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Posted May 10, 2011, 10:34 am
BOSTON — In the confusing aftermath of Osama bin Laden’s death many questions remain, but chief among them is: What did Pakistan know? When did it know it?
When the news first came through of the Abbottabad raid, and after U.S. President Barack Obama had congratulated Pakistan for its help, I thought Pakistan must have had a hand in the operation. It would be too difficult to fly helicopters in from Afghanistan without getting caught, and much too politically and militarily risky for Obama to give the go-ahead to such an incursion without Pakistan’s advice and consent.
It appears that wasn't the case. The U.S. says it never tipped Pakistan off that the SEALs were on their way, and Pakistan officials appear to agree. The U.S. didn’t trust Pakistan not to warn Osama in time for him to get away.
I also thought it inconceivable that Osama bin Laden could have lived in the Pakistani equivalent of West Point without at least some elements of the Pakistani security services knowing about it. On this point I am still betting I’m right.
There is another narrative. Global Post has reported that Pakistan’s support was in fact asked and given, and that Osama’s neighbors were told by Pakistani soldiers to stay indoors and keep the lights off that night before the helicopters came. Could Pakistan have said: "OK, come in and get Osama, but we are going to have to say we didn’t know about it because it is such a violation of our national sovereignty?"
But the damage done to the Pakistani military’s reputation seems to me far worse as it stands now than it would have been had it known and cooperated in the bin Laden raid. As it is Pakistan looks either duplicitous or incompetent, and maybe both.
Who would benefit?
The question of who in Pakistan’s security services would benefit by harboring Osama bin Laden is another troubling question. The bargain had always seemed to be: Pakistan will help us capture al-Qaeda Arabs — and indeed many were caught with Pakistan's help — but it is a different matter when it comes to us telling Pakistan what it must do against its own citizens in its own tribal territories. Our version of what needs to be in a post-American Afghanistan, and with whom we need to deal to achieve our goals, is not identical to Pakistan's version, according to Pakistani leaders.
But Pakistan deliberately harboring Osama bin Laden would take matters to an entirely different level of antagonism. It seems to me that harboring bin Laden would be such an offense to America that it could only hurt Pakistan, and have little relevance to the future of Afghanistan.
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But then not everyone in Pakistani intelligence talks to everybody else, any more than our CIA and FBI cooperated closely before 9/11. And the Pakistani security establishment is far more fractured than our own.
The terrorist raid on Mumbai, which was planned and launched from Pakistan, may shed light on the Osama affair. From Pakistan’s point of view, such a raid risked a disastrous war with India from which Pakistan could not possibly benefit.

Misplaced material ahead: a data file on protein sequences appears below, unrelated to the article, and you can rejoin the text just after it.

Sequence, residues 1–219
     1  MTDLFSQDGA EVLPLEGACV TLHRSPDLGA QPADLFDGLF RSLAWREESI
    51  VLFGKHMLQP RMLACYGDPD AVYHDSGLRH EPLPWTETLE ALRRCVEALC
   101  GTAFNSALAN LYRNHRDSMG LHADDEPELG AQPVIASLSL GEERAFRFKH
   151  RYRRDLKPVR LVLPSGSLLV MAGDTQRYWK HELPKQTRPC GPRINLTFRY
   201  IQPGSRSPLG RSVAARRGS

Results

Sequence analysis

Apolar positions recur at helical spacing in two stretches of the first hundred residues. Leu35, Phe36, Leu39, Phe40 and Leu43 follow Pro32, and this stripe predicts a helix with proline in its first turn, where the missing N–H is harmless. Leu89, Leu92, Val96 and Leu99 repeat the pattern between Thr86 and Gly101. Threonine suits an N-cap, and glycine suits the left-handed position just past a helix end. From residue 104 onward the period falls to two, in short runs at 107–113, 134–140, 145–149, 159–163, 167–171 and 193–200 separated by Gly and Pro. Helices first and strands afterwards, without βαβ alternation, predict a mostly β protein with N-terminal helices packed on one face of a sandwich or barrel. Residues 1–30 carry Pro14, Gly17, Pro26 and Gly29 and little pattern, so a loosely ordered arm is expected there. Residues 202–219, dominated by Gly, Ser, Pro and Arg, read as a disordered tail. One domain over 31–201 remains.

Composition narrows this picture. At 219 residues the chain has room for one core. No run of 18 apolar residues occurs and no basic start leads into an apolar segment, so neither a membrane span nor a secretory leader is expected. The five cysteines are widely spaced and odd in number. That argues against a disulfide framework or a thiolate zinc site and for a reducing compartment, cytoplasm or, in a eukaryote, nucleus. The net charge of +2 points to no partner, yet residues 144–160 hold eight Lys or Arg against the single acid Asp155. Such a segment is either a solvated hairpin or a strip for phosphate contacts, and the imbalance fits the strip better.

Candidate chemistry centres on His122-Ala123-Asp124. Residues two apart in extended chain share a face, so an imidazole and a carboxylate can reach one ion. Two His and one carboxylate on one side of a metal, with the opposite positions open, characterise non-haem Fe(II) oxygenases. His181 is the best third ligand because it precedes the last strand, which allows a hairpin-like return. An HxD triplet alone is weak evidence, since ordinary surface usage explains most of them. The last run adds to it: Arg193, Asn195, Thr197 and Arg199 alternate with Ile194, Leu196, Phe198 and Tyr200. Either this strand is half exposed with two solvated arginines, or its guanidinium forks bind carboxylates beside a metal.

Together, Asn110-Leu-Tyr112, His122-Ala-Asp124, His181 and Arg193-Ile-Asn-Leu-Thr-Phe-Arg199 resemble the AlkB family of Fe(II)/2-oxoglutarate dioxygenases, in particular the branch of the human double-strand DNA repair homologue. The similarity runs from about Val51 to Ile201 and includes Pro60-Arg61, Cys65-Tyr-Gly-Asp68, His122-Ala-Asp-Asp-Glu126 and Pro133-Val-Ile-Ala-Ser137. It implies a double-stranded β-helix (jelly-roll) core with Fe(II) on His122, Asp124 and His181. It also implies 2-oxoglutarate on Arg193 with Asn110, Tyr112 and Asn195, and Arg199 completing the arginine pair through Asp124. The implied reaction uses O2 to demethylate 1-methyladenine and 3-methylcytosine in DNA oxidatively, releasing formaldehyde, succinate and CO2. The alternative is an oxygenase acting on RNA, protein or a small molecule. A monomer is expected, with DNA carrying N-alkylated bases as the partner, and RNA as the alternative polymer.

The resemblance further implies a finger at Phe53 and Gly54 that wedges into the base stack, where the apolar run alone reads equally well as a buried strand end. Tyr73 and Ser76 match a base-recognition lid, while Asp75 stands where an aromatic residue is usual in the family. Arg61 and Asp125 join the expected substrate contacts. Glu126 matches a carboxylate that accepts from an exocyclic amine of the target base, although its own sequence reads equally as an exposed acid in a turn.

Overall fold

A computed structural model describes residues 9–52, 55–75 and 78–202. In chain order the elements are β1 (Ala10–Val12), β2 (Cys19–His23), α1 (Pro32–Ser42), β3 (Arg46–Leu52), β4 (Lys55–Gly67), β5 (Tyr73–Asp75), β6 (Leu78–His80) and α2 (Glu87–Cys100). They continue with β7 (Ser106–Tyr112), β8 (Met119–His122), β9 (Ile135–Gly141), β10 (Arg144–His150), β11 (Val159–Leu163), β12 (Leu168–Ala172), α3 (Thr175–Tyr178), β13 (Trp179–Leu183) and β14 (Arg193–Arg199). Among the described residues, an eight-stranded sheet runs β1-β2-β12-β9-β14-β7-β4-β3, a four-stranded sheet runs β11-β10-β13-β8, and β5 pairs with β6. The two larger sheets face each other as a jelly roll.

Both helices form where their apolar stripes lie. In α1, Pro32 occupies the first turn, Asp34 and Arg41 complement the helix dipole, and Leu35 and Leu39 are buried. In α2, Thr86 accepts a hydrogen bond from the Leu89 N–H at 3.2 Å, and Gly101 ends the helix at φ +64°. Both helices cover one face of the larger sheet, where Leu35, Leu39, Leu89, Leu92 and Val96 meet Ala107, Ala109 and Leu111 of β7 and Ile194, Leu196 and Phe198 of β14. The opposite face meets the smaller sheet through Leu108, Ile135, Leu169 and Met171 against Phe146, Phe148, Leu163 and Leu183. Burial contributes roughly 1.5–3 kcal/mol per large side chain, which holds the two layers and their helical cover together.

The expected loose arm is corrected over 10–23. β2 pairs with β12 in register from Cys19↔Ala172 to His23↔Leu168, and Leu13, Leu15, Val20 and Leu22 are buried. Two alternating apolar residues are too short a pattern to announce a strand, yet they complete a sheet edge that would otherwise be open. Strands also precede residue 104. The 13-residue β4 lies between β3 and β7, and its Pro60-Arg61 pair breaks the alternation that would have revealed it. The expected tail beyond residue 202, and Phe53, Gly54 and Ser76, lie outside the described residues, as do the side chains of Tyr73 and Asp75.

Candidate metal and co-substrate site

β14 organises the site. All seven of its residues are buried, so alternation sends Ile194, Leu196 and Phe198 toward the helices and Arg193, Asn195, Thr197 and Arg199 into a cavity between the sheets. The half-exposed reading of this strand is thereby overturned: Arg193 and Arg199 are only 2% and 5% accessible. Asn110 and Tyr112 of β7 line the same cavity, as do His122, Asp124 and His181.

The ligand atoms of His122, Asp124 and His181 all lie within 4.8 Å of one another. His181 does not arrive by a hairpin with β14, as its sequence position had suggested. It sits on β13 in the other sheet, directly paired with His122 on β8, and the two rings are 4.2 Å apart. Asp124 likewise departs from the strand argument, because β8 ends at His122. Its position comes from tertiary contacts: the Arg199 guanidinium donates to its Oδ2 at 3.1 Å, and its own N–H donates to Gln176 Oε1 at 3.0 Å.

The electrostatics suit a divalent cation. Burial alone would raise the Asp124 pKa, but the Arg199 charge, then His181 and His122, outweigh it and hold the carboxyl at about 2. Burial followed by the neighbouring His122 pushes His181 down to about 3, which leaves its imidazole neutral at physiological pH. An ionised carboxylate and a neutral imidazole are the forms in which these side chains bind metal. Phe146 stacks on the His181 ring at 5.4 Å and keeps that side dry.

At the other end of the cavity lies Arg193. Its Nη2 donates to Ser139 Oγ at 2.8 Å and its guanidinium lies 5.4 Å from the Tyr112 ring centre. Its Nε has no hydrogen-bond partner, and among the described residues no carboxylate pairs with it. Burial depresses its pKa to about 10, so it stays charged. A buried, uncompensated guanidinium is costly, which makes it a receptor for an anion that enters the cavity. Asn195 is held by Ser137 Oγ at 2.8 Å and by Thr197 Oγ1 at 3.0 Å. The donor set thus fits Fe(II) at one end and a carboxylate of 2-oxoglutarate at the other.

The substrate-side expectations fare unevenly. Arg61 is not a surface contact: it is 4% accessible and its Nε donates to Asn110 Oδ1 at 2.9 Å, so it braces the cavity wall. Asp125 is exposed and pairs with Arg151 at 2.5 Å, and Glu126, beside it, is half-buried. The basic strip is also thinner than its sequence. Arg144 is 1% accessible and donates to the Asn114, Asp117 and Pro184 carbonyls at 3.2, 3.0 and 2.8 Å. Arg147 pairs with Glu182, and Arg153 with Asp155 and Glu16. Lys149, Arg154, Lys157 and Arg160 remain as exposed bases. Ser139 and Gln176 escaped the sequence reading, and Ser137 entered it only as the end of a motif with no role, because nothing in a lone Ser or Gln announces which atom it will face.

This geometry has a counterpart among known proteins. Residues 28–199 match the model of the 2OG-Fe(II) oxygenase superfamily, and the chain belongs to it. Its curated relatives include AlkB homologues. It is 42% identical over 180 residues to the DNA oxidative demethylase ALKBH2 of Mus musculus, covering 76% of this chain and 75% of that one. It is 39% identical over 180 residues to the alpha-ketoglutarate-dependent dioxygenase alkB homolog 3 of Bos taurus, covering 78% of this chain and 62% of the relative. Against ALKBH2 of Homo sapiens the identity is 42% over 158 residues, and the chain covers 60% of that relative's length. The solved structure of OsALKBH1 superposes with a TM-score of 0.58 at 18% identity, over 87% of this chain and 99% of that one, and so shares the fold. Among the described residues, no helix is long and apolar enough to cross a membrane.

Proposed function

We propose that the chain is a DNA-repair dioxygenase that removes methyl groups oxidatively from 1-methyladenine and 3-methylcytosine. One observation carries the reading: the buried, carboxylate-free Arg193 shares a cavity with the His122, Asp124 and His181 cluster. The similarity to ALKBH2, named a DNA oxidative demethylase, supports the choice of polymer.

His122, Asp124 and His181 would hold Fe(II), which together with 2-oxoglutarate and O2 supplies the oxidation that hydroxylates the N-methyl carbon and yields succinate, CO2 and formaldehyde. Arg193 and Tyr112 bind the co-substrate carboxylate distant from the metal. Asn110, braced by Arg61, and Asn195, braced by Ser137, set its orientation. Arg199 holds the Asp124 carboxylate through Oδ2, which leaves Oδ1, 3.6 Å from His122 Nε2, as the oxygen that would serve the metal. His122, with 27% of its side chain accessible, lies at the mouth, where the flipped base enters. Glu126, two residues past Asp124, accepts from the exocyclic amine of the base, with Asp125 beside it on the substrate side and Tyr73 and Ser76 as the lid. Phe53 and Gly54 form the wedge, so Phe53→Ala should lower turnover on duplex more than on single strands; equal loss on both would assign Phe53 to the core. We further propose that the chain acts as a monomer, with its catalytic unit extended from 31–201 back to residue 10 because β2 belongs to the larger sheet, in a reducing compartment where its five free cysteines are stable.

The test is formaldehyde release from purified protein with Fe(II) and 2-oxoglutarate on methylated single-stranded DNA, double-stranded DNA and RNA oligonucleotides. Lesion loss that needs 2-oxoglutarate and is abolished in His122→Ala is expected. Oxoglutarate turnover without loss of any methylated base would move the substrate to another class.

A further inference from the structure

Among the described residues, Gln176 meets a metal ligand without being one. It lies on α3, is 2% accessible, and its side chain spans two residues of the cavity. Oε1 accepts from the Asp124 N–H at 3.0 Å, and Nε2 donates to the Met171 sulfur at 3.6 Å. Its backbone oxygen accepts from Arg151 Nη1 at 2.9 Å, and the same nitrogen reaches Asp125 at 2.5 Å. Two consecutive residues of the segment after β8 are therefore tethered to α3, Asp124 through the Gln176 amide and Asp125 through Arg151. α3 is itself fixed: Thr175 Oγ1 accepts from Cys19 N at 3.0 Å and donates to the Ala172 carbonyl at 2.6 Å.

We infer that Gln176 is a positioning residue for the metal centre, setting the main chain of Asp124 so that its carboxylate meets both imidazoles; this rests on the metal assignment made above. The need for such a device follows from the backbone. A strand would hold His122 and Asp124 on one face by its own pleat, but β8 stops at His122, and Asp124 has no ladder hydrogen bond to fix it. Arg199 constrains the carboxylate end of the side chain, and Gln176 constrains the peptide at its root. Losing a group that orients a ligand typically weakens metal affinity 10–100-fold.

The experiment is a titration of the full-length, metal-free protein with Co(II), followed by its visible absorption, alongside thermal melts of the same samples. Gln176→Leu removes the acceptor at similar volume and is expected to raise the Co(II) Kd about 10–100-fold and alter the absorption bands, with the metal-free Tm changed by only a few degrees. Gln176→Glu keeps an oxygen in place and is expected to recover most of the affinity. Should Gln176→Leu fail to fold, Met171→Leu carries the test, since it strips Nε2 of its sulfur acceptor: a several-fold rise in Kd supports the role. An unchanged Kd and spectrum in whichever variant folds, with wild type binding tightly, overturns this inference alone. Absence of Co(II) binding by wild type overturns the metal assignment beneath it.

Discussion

Yet the raid went ahead, probably without the knowledge of the top Pakistani brass, but with some help from within Pakistan. The organization responsible, Lashkar-e-taiba, was originally organized to bedevil India in Kashmir, not attack hotels deep inside India. Yet, once Pandora’s box was opened, the creatures that emerged could not be completely controlled.
An American equivalent would be if the Nicaraguan Contras, whom the United States organized to bedevil those whom we considered Soviet surrogates in Central America, had gone on to attack hotels in Russia and risk war with the Soviet Union.
Or to take an actual example: What if groups that we helped raise to fight the Soviets in Afghanistan started attacking us? That is exactly what has happened.
A complex game
Another troubling thought: What if there are people in Pakistani intelligence who are true believers, and wanted to keep Osama safe for his own sake without their bosses or the Americans knowing about it? After all, several of the assassination attempts on Pakistan’s Pervez Musharraf had to have been inside jobs, just as India’s Indira Gandhi was killed by her own bodyguards.
It seems safe to say that, within Pakistan, there are elements that are working against America’s interests just as there are those who are helping us. It was never realistic to say, as former U.S. President George W. Bush said, you are either with us or you are with the terrorists. That was never true in his own country, and could never be true in Pakistan.
The U.S.-Pakistani relationship is far too complicated for Bush-like simplicities. We like to say the Pakistanis are playing a double game, fighting the Pakistani Taliban but harboring some Taliban who are killing us in Afghanistan. But the game with America and Pakistan is multi-layered and complex beyond anything that could be described as double.
And speaking of working against one’s own interests, American politicians who call for cutting off aid to Pakistan seem to forget that 80 percent of our Afghan war supplies come through the Pakistani port of Karachi. When the Pakistanis closed the Khyber Pass last fall, to send us a message about military incursions on their soil, I passed the hulks of many burned-out, sitting-duck oil tankers by the side of the road to Peshawar, oil that was supposed to fuel our war effort. Pakistan could close down the Afghan war if it so chose.
Meanwhile, an illuminating fact remains in this still unfolding and disturbing story. In all the years that Osama bin Laden was on the run, no matter how large the price on his head for anyone who would betray him, nobody ever did.
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